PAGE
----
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Summa Holdings: Form Is Substance When It Comes to Law

Tax Notes

In this article, Nicholas Metcalf* and Colin Handzo discuss the Sixth Circuit’s rejection of the Internal Revenue Service's (IRS’s) substance-over-form arguments in Summa Holdings Inc. v. Commissioner. Following a summary of the underlying transactions—in which the taxpayers transferred money from an interest charge domestic international sales corporation to Roth IRAs—and the tax consequences sought by the taxpayers, the authors discussed the IRS’s proposed recharactization of the transactions, the Tax Court’s decision, and the Sixth Circuit’s reversal. “The IRS challenged the transactions for the 2008 tax year by recharacterizing them under the substance-over-form doctrine to more accurately reflect economic reality. Regarding the substance-over-form doctrine, the Tax Court agreed with the IRS’s characterization and held that the true transaction was a dividend to Summa Holdings’ shareholders followed by Roth IRA contributions exceeding the allowable limit,” Metcalf and Handzo wrote. “The Sixth Circuit reversed the Tax Court and held that the transactions could not be recharacterized under the substance-over-form doctrine. First, the Sixth Circuit held that the IRS’s proposed recharacterization did not capture economic reality any better than the taxpayers’ actual transactions—it just produced a higher amount of tax. Second, the Sixth Circuit held that the IRS’s proposed recharacterization could not be justified by the legislative history of the applicable provisions” The Summa Holdings outcome, despite its unique fact pattern, has already been cited in other substance-over-form appellate court pleadings, which the authors reviewed."To the extent that this language and analysis is adopted in other circuits and applied to other types of transactions,” they wrote, “it will provide fortuitous benefits to taxpayers.”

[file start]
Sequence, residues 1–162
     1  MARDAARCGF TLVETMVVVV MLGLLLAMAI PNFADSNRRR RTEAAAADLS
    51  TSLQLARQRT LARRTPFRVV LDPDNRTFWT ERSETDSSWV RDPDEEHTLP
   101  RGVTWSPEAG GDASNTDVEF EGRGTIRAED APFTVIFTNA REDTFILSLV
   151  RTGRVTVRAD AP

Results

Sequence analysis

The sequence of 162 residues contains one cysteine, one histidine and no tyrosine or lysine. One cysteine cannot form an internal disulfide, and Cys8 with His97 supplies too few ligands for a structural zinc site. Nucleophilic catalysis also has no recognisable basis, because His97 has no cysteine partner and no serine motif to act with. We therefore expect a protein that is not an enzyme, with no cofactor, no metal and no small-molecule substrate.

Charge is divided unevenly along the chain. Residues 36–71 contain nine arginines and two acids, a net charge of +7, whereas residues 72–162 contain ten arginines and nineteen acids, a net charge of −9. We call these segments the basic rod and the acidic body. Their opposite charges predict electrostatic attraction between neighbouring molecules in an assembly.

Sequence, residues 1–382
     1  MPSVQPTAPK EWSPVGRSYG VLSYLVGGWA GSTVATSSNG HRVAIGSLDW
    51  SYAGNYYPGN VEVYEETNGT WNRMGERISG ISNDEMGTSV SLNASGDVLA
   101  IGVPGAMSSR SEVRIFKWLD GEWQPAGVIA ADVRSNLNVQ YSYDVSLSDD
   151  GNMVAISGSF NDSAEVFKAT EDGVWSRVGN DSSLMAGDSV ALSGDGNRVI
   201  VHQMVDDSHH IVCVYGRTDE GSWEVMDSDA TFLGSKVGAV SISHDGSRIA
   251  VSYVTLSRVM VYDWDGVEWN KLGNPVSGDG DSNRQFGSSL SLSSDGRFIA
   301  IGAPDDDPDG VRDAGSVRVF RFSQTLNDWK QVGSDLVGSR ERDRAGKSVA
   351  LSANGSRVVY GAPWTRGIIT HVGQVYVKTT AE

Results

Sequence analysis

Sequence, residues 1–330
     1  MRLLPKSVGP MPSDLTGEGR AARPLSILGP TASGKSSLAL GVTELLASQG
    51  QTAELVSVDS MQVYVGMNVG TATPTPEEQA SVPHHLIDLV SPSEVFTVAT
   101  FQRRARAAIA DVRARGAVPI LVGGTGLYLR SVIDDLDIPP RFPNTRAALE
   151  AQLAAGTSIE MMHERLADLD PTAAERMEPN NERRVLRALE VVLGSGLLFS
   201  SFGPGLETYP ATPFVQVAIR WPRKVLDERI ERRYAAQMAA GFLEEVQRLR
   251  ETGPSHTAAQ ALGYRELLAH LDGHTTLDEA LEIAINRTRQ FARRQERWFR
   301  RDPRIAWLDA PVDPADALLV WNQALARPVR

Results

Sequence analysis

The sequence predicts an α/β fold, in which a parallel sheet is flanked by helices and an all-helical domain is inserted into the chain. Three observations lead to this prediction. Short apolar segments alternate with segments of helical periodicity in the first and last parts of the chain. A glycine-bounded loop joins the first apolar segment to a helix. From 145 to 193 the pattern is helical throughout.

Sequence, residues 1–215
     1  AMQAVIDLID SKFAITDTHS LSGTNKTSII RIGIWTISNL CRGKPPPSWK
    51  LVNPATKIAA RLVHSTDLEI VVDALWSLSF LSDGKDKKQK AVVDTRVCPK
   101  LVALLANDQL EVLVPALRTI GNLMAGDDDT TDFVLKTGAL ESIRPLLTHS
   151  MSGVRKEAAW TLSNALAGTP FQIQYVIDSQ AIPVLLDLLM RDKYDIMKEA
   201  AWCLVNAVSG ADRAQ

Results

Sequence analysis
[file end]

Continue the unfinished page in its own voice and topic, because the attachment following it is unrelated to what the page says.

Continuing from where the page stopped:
*Former Miller & Chevalier attorney